Kavanaugh turns down nearly $600G raised online for his defense: reports

Supreme Court Justice Brett Kavanaugh has reportedly turned down nearly $600,000 that had been raised in his name after sexual misconduct allegations were leveled against him during his confirmation process.

A GoFundMe page through which the funds were raised had a message saying Kavanaugh would not accept the money in order to avoid judicial ethics violations, the Washington Examiner reported.

“I've spoken to a former clerk for Judge Kavanaugh who told me that Kavanaugh’s supporters loved the outpouring of support from this GoFundMe," said conservative blogger John Hawkins, who launched the page Sept. 24. "Judicial ethics rules caution judges against permitting the use of the prestige of judicial office for fund-raising purposes. Justice Kavanaugh will not accept any proceeds from the campaign, nor will he direct that any proceeds from the campaign be provided to any third party."

The page launched one day after the New Yorker published allegations from Deborah Ramirez, who claimed Kavanaugh exposed himself to her while they were in college, and a week after Christine Blasey Ford accused him of trying to force himself on her, also decades ago.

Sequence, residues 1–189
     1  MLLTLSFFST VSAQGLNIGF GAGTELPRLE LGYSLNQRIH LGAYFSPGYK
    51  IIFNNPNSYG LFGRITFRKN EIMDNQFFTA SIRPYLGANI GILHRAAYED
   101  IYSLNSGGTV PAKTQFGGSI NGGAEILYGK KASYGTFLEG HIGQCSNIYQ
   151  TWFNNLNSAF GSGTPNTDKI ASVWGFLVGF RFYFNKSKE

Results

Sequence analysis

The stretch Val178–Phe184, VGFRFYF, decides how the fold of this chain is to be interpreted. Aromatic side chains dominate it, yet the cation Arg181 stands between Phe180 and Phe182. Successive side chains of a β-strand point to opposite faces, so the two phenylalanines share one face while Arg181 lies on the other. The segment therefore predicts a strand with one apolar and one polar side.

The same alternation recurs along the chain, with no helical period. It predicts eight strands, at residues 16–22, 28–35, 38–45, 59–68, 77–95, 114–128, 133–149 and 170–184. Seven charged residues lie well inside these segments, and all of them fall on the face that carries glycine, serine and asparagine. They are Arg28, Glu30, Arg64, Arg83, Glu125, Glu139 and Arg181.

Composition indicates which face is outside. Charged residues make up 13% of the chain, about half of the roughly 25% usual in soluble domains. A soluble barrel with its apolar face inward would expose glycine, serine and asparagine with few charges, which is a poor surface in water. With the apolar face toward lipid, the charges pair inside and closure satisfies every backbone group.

Hawkins said he received a statement from the law clerk several days ago saying Kavanaugh was not able to accept the money and said Kavanaugh requested that Hawkins discontinue the use of his name for any fund-raising purposes.

Instead, Hawkins said he will donate the money to the Archdiocese of Washington, which operates the Catholic Youth Organization where Kavanaugh used to coach a girls’ basketball team.

The page is no longer accepting donations.

In an interview with Yahoo!, Hawkins said the idea for a Kavanaugh fundraiser page came from a conversation with a woman who noticed all the pages that had been launched on behalf of Ford.

“I was talking to a woman and … she was like, ‘Christine Blasey Ford has these GoFundMes up; I wish someone would do a GoFundMe for Brett Kavanaugh," Hawkins said.

President Trump nominated Kavanaugh for the nation's highest court in July, after Justice Anthony Kennedy announced plans to retire from his lifetime appointment. After a contentious confirmation process, the U.S. Senate voted to 50-48 on Oct. 6 to confirm Kavanaugh's nomination.